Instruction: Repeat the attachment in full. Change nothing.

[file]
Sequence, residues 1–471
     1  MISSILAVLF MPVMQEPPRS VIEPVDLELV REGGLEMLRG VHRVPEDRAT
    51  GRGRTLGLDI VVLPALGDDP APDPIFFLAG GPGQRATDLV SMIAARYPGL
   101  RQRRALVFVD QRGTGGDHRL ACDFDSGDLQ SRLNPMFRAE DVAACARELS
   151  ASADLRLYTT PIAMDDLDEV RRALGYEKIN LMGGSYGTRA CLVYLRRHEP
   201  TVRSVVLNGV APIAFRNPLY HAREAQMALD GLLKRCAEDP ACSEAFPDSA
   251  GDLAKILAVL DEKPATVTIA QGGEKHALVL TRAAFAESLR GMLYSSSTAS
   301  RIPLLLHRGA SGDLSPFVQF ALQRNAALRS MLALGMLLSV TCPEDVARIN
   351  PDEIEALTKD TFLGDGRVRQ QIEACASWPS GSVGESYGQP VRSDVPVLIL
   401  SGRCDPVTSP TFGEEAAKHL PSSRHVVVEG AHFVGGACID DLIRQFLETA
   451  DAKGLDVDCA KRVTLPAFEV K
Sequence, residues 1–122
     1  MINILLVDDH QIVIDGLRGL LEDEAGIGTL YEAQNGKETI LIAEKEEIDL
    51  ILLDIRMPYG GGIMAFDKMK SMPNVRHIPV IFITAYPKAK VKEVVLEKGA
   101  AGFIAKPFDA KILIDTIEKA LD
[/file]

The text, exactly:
Sequence, residues 1–471
     1  MISSILAVLF MPVMQEPPRS VIEPVDLELV REGGLEMLRG VHRVPEDRAT
    51  GRGRTLGLDI VVLPALGDDP APDPIFFLAG GPGQRATDLV SMIAARYPGL
   101  RQRRALVFVD QRGTGGDHRL ACDFDSGDLQ SRLNPMFRAE DVAACARELS
   151  ASADLRLYTT PIAMDDLDEV RRALGYEKIN LMGGSYGTRA CLVYLRRHEP
   201  TVRSVVLNGV APIAFRNPLY HAREAQMALD GLLKRCAEDP ACSEAFPDSA
   251  GDLAKILAVL DEKPATVTIA QGGEKHALVL TRAAFAESLR GMLYSSSTAS
   301  RIPLLLHRGA SGDLSPFVQF ALQRNAALRS MLALGMLLSV TCPEDVARIN
   351  PDEIEALTKD TFLGDGRVRQ QIEACASWPS GSVGESYGQP VRSDVPVLIL
   401  SGRCDPVTSP TFGEEAAKHL PSSRHVVVEG AHFVGGACID DLIRQFLETA
   451  DAKGLDVDCA KRVTLPAFEV K
Sequence, residues 1–122
     1  MINILLVDDH QIVIDGLRGL LEDEAGIGTL YEAQNGKETI LIAEKEEIDL
    51  ILLDIRMPYG GGIMAFDKMK SMPNVRHIPV IFITAYPKAK VKEVVLEKGA
   101  AGFIAKPFDA KILIDTIEKA LD